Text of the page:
1D scalar advection problems - The method of characteristics - Finite difference methods - The CFL condition - MATLAB application 1D scalar advection-conduction problems - Boundary layers - Finite-difference methods - Upwind vs. centered approximations - MATLAB application 2D scalar advection-conduction problems - The finite volume method - MATLAB application The incompressible Navier-Stokes laminar problem - Scalar vs. vector problems: co-located vs. staggered grids, coupled vs. segregated solution, pressure correction methods (SIMPLE, ...). - Classical benchmarks: lid-driven cavity; buoyancy driven cavity: derivation of a numerical correlation for the Nusselt number. - STAR-CCM+ application Introduction to the numerical solution of turbulent flow and heat transfer problems - Reynolds Averaged Navier-Stokes (RANS) - Classical benchmark: turbulent flow and heat transfer in a circular pipe - STAR-CCM+ application and validation against experimental (e.g. Blasius, Dittus-Boelter) correlations.
30 hours of computational lab are foreseen, where the students will individually work on PCs, using the abovementioned software (MATLAB and STAR-CCM+). Special emphasis will also be put on the issue of mesh generation.
30 hours of computational lab are foreseen, where the students will individually work on PCs, using the abovementioned software (MATLAB and STAR-CCM+). Special emphasis will also be put on the issue of mesh generation.
Selected chapters from: - J. M. Cooper, "Introduction to Partial Differential Equations with MATLAB" (Birkhaeuser, 2000) - R. Peyret, T.D. Taylor, Computational Methods for Fluid Flow (Springer, 1985) - C. Hirsch, "Numerical Computation of Internal and External Flows", 2nd ed. (Butterworth-Heinemann, 2007) - J. H. Ferziger, M. Peric, "Computational Methods for Fluid Dynamics", 3rd ed. (Springer, 2013) - D.C. Wilcox, Turbulence modeling for CFD , 3rd edition (DCW industries, 2006) - H. K. Versteeg, W. Malalasekera, An Introduction to Computational Fluid Dynamics: The Finite Volume Method (Pearson Education, 2007)
Selected chapters from: - J. M. Cooper, "Introduction to Partial Differential Equations with MATLAB" (Birkhaeuser, 2000) - R. Peyret, T.D. Taylor, Computational Methods for Fluid Flow (Springer, 1985) - C. Hirsch, "Numerical Computation of Internal and External Flows", 2nd ed. (Butterworth-Heinemann, 2007) - J. H. Ferziger, M. Peric, "Computational Methods for Fluid Dynamics", 3rd ed. (Springer, 2013) - D.C. Wilcox, Turbulence modeling for CFD , 3rd edition (DCW industries, 2006) - H. K. Versteeg, W. Malalasekera, An Introduction to Computational Fluid Dynamics: The Finite Volume Method (Pearson Education, 2007)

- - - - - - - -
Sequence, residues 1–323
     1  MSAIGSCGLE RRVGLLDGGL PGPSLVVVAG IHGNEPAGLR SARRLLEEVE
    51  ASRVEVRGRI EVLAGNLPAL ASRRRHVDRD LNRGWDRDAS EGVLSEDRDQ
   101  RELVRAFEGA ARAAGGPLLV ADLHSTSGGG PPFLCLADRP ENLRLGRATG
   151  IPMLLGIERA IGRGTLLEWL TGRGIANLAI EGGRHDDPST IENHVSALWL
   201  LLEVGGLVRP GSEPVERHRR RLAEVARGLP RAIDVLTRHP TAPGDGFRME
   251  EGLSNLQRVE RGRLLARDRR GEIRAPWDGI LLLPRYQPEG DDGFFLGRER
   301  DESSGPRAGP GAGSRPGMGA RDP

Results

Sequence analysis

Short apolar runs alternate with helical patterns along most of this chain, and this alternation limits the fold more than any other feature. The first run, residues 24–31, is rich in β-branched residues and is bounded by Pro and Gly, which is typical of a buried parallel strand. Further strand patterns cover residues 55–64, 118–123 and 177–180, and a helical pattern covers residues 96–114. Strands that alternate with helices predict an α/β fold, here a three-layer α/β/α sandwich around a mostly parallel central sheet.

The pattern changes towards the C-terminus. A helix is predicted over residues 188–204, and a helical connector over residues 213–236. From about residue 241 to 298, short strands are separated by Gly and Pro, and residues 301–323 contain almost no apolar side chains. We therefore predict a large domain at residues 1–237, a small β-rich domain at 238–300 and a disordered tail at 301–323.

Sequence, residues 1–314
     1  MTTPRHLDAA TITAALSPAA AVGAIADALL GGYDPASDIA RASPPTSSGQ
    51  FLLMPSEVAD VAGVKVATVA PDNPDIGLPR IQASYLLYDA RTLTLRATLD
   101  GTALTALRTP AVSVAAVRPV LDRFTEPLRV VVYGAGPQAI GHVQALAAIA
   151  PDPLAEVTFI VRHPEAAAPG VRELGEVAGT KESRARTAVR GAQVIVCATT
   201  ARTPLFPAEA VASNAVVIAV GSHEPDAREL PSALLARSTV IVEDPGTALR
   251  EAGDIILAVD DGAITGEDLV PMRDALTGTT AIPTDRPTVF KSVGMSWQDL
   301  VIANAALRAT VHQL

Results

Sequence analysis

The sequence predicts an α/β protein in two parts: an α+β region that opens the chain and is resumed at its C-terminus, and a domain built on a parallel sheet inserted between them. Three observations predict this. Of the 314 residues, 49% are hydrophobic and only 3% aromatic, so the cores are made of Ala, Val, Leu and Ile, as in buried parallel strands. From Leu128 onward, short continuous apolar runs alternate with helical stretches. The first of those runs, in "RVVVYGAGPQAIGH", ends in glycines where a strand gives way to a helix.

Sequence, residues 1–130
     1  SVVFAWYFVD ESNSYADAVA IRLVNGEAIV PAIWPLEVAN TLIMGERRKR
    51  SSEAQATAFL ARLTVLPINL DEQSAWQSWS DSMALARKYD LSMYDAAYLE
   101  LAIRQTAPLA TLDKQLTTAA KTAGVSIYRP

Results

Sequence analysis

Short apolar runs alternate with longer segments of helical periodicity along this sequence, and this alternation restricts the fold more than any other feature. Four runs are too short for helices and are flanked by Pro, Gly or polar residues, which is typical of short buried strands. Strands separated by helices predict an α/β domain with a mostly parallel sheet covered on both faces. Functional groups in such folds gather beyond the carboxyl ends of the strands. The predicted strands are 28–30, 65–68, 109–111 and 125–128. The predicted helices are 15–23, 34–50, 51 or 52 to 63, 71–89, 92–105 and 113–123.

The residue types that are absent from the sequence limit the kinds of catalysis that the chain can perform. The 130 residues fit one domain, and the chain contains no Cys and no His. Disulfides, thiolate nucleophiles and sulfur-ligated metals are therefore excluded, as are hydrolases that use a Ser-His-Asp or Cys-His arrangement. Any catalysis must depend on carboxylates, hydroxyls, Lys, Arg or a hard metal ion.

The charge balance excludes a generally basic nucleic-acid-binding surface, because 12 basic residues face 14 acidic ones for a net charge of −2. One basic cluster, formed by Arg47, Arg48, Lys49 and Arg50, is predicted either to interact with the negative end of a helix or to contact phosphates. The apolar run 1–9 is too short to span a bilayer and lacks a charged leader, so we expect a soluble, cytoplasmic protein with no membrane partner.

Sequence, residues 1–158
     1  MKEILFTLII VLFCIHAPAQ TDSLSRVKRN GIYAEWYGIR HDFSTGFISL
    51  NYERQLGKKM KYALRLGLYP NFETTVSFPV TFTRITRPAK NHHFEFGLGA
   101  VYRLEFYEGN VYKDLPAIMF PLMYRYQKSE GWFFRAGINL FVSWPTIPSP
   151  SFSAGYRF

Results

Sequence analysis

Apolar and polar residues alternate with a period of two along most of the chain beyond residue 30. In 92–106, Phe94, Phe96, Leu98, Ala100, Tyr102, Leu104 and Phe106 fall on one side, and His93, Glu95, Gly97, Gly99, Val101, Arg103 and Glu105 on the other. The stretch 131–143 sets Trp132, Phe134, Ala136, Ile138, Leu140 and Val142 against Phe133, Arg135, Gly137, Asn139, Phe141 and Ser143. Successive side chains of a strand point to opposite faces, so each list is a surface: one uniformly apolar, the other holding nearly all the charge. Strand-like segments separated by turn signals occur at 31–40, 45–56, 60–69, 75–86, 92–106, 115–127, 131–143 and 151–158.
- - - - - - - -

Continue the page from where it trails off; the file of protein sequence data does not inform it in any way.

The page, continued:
Modalità di esame: prova orale obbligatoria; progetto di gruppo;
Students are grouped in small teams. Each team works on a model CFD problem, starting in the second part of the semester, where it is asked to: 1) solve the problem, using STAR-CCM+ and MATLAB, and summarize the results in the form of suitable plots; 2) justify the choice of the methods used to find the solution; 3) discuss the quality/accuracy of the computed solution. These three items are collected by the team in a short report (pdf file), to be discussed with the Teaching Assistant, who will individually evaluate the authors of the report. The students with a report evaluation > 24/30 go to the oral, which is focussed on the theory part of the course and on the discussion of one of the scripts developed by them in the MATLAB applications during the course. For the rest of the students, the report evaluation gives the final mark.
Exam: compulsory oral exam; group project;
Students are grouped in small teams. Each team works on a model CFD problem, starting in the second part of the semester, where it is asked to: 1) solve the problem, using STAR-CCM+ and MATLAB, and summarize the results in the form of suitable plots; 2) justify the choice of the methods used to find the solution; 3) discuss the quality/accuracy of the computed solution. These three items are collected by the team in a short report (pdf file), to be discussed with the Teaching Assistant, who will individually evaluate the authors of the report. The students with a report evaluation > 24/30 go to the oral, which is focussed on the theory part of the course and on the discussion of one of the scripts developed by them in the MATLAB applications during the course. For the rest of the students, the report evaluation gives the final mark.